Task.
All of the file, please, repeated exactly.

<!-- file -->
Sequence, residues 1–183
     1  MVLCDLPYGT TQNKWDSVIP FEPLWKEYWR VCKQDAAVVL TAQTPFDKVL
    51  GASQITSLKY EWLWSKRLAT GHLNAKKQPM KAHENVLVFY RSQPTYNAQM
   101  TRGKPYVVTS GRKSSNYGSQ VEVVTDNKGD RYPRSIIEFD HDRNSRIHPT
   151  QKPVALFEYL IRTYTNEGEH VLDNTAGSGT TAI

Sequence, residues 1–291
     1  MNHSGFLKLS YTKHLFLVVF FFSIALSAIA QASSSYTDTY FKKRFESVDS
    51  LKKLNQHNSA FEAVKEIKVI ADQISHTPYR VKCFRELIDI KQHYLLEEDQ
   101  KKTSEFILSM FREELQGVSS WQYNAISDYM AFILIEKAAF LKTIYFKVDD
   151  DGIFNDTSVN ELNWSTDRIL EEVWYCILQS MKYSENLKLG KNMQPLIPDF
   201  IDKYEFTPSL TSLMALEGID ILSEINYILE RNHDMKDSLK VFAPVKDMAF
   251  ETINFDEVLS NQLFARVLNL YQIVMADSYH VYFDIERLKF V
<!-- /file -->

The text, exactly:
Sequence, residues 1–183
     1  MVLCDLPYGT TQNKWDSVIP FEPLWKEYWR VCKQDAAVVL TAQTPFDKVL
    51  GASQITSLKY EWLWSKRLAT GHLNAKKQPM KAHENVLVFY RSQPTYNAQM
   101  TRGKPYVVTS GRKSSNYGSQ VEVVTDNKGD RYPRSIIEFD HDRNSRIHPT
   151  QKPVALFEYL IRTYTNEGEH VLDNTAGSGT TAI

Sequence, residues 1–291
     1  MNHSGFLKLS YTKHLFLVVF FFSIALSAIA QASSSYTDTY FKKRFESVDS
    51  LKKLNQHNSA FEAVKEIKVI ADQISHTPYR VKCFRELIDI KQHYLLEEDQ
   101  KKTSEFILSM FREELQGVSS WQYNAISDYM AFILIEKAAF LKTIYFKVDD
   151  DGIFNDTSVN ELNWSTDRIL EEVWYCILQS MKYSENLKLG KNMQPLIPDF
   201  IDKYEFTPSL TSLMALEGID ILSEINYILE RNHDMKDSLK VFAPVKDMAF
   251  ETINFDEVLS NQLFARVLNL YQIVMADSYH VYFDIERLKF V